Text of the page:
The most effective PMMs know their customers inside out. Becoming the ‘voice of the customer’ means uncovering customer pain, digging deep into buyer personas and creating messaging and positioning that resonates.

However, PMMs are not spending much time with customers. In the PMA State of Product Marketing 2020 report 70.9% of Product Marketing professionals surveyed, have customer and market research as part of their remit, but one-fifth of PMMs don’t ever interact with customers, instead they rely on feedback from other teams.

The 2020 report also highlighted a worrying discrepancy, 59% of survey respondents highlight empathy and the ability to connect with customers as fundamental to their success on the job, but spending on customer research and associated tools were down significantly from 2019.

The good news is there is a lot PMMs can do to proactively get to know customers better.

Internal data to form a hypothesis

There is a wealth of information about customers within every business once you know where to look. Marketing reports on best performing content that customers interact with, product monitors usage data and adoption, sales development teams track messaging with the highest response rates, sales leaders report on win / loss rates by persona and support teams analyse tickets raised by struggling customers.

There is a wealth of information about customers within every business once you know where to look. Marketing reports on best performing content that customers interact with, product monitors usage data and adoption, sales development teams track messaging with the highest response rates, sales leaders report on win / loss rates by persona and support teams analyse tickets raised by struggling customers.

Start with an audit of the various systems used across the business and assess the nuggets of information they reveal about customers. Speaking to cross functional stakeholders can help to contextualise findings and gain a wider perspective on the customer beyond the Product Marketing remit.

Trends and anomalies in data can form the basis of a hypothesis and inform the next steps of your customer discovery journey.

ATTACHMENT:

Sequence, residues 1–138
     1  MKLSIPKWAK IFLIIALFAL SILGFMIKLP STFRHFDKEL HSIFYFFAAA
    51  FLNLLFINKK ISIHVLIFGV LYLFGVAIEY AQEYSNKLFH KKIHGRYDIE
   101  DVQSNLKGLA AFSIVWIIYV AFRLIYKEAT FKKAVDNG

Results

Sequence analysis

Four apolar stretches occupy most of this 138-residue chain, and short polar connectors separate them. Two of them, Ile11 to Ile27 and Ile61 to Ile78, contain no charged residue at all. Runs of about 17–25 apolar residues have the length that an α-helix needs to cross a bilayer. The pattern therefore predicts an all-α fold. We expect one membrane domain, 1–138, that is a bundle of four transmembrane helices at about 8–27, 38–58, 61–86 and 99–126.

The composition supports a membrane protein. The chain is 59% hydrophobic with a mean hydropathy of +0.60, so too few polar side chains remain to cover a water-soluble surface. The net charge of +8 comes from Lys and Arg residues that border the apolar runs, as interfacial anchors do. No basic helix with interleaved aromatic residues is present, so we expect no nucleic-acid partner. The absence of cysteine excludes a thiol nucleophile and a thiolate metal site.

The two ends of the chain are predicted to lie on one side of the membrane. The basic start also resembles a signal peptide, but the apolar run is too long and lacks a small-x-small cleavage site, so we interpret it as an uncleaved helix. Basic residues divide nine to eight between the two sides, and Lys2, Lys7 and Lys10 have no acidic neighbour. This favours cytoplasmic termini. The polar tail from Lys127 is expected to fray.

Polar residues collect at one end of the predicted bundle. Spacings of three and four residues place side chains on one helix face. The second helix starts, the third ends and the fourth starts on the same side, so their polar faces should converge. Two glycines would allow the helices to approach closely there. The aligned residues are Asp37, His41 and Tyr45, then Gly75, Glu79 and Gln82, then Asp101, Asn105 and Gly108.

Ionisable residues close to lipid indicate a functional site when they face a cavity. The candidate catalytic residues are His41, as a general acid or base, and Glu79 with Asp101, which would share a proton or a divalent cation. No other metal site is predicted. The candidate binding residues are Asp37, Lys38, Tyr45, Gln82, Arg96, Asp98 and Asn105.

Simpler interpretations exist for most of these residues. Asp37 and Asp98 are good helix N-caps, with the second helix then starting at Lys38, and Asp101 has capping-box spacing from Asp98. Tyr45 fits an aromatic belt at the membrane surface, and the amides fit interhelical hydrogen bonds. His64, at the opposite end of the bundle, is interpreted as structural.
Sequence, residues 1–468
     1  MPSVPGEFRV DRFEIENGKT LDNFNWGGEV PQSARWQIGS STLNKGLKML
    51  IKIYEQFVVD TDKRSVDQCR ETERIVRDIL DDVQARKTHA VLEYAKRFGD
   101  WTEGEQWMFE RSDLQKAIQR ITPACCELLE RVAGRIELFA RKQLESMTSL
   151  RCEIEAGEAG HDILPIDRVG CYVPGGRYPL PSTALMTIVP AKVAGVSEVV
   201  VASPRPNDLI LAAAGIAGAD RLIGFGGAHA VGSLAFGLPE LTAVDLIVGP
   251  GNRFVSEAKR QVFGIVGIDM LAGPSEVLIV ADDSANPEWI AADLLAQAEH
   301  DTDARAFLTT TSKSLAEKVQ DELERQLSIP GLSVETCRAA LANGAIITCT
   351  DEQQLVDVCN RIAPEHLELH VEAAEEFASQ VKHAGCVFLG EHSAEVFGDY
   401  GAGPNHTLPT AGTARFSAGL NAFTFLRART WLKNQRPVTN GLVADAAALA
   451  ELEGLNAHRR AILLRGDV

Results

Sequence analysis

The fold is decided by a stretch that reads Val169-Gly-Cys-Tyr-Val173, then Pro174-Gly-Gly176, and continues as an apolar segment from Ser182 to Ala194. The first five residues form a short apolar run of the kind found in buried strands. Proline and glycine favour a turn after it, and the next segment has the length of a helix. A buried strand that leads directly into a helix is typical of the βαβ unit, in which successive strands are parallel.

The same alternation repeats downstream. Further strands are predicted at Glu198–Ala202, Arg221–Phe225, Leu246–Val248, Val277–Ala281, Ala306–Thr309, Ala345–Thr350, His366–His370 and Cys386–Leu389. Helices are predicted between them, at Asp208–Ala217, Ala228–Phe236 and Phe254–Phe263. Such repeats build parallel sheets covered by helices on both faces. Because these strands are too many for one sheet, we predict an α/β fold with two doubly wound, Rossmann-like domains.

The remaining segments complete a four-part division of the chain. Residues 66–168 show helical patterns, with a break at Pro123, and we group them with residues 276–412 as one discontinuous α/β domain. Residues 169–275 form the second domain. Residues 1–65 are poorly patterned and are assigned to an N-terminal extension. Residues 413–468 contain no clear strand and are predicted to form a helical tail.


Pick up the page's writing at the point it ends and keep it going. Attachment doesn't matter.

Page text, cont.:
Prepare to be open minded

No effort to get to know your customers will be wasted, but product lifecycle, company goals and current projects will dictate the goal for interacting with customers.

From pricing research to message validation, pilot feedback to product roadmap enhancements and adoption to uncovering new use cases, there is always a reason to integrate customer feedback as a key stage in all strategic projects.

While it’s beneficial to stay open minded to ad hoc feedback, preparation will pay off. Developing a framework of open-ended questions, brushing up on research best practice and practicing TED questions – tell me, explain for me, describe for me – will set you up for success in the precious time you get in front of customers. It also allows for easy sorting, analysis and direct comparisons as you conduct interviews.

A general rule of thumb is to aim for five to 10 customer interviews as sufficient to validate your hypothesis and then quantify by surveying a wider group of customers. Where interviews aren’t possible, shadowing meetings, monitoring sales calls and pulling quotes from win/loss interviews are valuable sources of customer feedback.

Challenge your own findings

As well as analysing findings, it’s also helpful to weigh up what customers aren’t telling you. Bear in mind that the noisy few drown out the silent majority.

Often the best clients sit on advisory boards, come to VIP events and hand raise for pilots and BETA testing. Usage data may reveal how engaged customers are interacting with the latest releases but a percentage of users may never open the email announcement with the release notes.

By all means listen to your customers, but question if you’re looking at your best, high fit, typical or churn risk customers and analyse your findings through that lens.

A customer state of mind

If you have developed buyer personas for your key customer types you have already put the hard work into understanding their mindset but keeping that content fresh and relevant requires a little bit of extra effort. Researching industry thought leaders, following stakeholders on LinkedIn and subscribing to relevant newsletters, podcasts and webinars will help keep your knowledge of the customer landscape current.

While that might seem like an extra task on your to do list, you can lighten the load by setting up internal knowledge sharing sessions, lunch and learns, email distributions or Slack groups to make sure that stakeholders are thinking about customers, first and foremost.

Good luck in your journey to customer-centric product marketing!